Last week, I commemorated International Women’s Day by delving into the history of UK women in the legal profession, from the turn-of-the-century would-be female lawyers who had to fight to practice even in an unofficial capacity, to today’s industry leaders. Similar trajectories can be traced across a variety of countries and cultures, and there are particular parallels in terms of when women around the world first began forging pioneering legal careers.
In many parts of the world, the late 19th and early 20th century was a time of drastic social change. Fuel for reform included the increasing literacy rates and better access to learning among the middle classes; the lingering intellectual excitement of the preceding Enlightenment era; and technological advancements, which allowed people to communicate faster than ever before. Mary Jane Mossman’s The First Women Lawyers: A Comparative Study of Gender, Law and the Legal Professions establishes a causal link between this “time of considerable optimism about progressive social change” and female-initiated “challenges to male exclusivity” within the law.
This shared moment in history is the focus of my internationally-themed follow-up, which I’m splitting into two parts. Next week, I’ll be exploring female lawyer ‘firsts’ from Europe, Asia and Australasia but, for now, let’s explore the entrance of women into the legal profession in the USA.
Arabella Mansfield : the first woman admitted to the state bar in the USA
In the 1860s, the American Civil War caused a dearth of students in academic institutions up and down the country, as men left their studies to fight. Luckily for Arabella Mansfield, this meant that many universities were opening up enrollment to women. In 1862, Mansfield joined Iowa Wesleyan University and, seven years later, applied to be admitted to the bar. Despite scoring highly, Iowa law only allowed white men over the age of 21 to receive a law license. Nevertheless, Mansfield prevailed when she took her case to court and Judge Francis Springer, a fellow supporter of women’s rights reinterpreted this provision.
Although Mansfield did not go on to practice law, choosing instead to remain an educator, with Iowa’s attorney licencing code amended, she paved the way for a new wave of female lawyers. She is responsible for changing hearts and minds, with her examiners remarking that her academic work was “the very best rebuke possible to the imputation that ladies cannot qualify for the practice of law”.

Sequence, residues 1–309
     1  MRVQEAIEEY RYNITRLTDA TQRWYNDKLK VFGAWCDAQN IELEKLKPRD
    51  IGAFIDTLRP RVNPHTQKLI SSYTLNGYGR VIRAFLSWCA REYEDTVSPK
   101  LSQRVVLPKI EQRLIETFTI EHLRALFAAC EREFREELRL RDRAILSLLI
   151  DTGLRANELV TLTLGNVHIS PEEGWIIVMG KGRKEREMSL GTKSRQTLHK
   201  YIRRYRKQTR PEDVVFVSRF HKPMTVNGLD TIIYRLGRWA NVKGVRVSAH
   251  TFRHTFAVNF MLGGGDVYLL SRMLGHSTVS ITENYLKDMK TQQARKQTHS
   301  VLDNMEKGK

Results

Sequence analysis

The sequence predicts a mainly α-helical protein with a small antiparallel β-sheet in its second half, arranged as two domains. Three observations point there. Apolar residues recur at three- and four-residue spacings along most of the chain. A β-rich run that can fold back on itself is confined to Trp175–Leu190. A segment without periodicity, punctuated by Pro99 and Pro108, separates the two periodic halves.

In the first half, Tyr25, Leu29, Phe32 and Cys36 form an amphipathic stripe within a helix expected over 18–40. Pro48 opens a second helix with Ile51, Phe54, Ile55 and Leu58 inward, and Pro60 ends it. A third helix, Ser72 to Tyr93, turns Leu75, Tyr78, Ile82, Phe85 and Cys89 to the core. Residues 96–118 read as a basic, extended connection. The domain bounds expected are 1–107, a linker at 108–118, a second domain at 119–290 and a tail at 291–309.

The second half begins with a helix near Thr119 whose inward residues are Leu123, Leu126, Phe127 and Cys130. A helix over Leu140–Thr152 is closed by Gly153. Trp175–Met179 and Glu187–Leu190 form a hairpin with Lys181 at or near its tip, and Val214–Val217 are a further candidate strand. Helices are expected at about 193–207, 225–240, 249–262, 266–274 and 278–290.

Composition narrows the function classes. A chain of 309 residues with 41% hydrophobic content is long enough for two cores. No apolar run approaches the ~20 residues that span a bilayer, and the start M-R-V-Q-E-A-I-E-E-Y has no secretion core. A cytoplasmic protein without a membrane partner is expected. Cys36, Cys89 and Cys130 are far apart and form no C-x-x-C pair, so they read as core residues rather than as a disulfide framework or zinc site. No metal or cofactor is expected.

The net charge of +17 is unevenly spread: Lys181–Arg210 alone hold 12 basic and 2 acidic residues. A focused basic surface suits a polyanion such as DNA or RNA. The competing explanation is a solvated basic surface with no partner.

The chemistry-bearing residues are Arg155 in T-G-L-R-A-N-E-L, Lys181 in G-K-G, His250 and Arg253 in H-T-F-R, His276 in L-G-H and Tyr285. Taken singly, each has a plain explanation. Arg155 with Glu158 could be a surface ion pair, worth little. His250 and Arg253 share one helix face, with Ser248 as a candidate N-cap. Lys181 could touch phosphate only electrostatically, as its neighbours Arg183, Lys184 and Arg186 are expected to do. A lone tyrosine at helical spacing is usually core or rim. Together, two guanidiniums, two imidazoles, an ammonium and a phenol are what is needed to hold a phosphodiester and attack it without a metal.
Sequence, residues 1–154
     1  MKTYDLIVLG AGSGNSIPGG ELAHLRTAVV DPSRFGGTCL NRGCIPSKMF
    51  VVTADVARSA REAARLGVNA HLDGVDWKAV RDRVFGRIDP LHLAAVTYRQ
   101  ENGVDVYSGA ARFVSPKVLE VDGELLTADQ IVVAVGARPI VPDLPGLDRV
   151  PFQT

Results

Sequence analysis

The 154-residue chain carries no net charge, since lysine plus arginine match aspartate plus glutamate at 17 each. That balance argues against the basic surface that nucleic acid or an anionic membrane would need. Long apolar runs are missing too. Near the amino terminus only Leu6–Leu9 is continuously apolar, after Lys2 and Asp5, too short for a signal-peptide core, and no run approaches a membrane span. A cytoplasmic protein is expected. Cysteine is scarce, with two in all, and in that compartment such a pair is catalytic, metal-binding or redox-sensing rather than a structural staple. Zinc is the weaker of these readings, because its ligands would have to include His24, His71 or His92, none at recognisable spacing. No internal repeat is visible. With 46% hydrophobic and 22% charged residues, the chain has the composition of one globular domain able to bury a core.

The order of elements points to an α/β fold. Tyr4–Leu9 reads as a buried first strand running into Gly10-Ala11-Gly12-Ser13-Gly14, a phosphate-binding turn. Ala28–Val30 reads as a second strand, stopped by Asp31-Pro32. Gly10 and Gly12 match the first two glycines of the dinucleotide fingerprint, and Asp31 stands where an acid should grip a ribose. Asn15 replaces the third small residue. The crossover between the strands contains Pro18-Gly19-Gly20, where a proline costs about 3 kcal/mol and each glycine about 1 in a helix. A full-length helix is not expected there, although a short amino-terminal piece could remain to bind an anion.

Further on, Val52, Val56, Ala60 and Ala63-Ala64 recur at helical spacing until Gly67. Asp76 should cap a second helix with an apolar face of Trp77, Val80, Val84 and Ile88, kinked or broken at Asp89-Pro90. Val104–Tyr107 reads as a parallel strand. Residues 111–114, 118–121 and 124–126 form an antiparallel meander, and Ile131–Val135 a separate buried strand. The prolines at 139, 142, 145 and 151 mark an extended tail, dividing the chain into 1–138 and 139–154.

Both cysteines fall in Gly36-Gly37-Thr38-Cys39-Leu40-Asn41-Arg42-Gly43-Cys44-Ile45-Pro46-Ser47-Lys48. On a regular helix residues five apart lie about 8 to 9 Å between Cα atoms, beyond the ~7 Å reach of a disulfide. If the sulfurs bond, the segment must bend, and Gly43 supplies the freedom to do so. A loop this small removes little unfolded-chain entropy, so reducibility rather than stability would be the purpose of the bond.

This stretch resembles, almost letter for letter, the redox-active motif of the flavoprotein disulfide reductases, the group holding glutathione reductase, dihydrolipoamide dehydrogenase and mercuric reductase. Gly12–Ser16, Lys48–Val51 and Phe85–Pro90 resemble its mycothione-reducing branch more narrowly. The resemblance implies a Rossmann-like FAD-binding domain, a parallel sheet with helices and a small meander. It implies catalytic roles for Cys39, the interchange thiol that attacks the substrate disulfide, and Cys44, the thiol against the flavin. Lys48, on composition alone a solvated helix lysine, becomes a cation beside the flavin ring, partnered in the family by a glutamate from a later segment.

Charlotte Ray : the first female African-American lawyer
Charlotte E. Ray, daughter of an prominent abolitionist, was acutely aware of the gender bias she was up against when applying to Howard University’s law school. She allegedly enrolled under the name ‘C. E. Ray’, in order to “disguise her gender” and graduated in 1872. The same year, she was admitted to the District of Columbia bar and subsequently started up her own practice. Sadly, Ray’s legal prowess wasn’t enough to make her business a success, as she was forced to contend with both gender and racial discrimination which prevented her from acquiring enough clients to keep afloat.
Despite this, Ray’s talents as a lawyer didn’t go unacknowledged. One contemporary even declared her “one of the best lawyers on corporations in the country”. After giving up her practice, Ray continued to fight for civil rights, as a member the National Association of Colored Women.
As these case studies indicate, though the tide was turning for women in law, forging a career as a female attorney would be an uphill struggle. There were social, political and economic factors which mitigated the sense that the awakening of women’s collective consciousness could revolutionise the legal sector alone.
The second (and final) part of this series will explore how such factors came into play for aspiring female lawyers outside of North America. The individuals I’ve selected to profile are diverse in background, but share the intellectual steel and fortitude of Mountford and Ray -essential qualities for breaking into this exclusively male domain.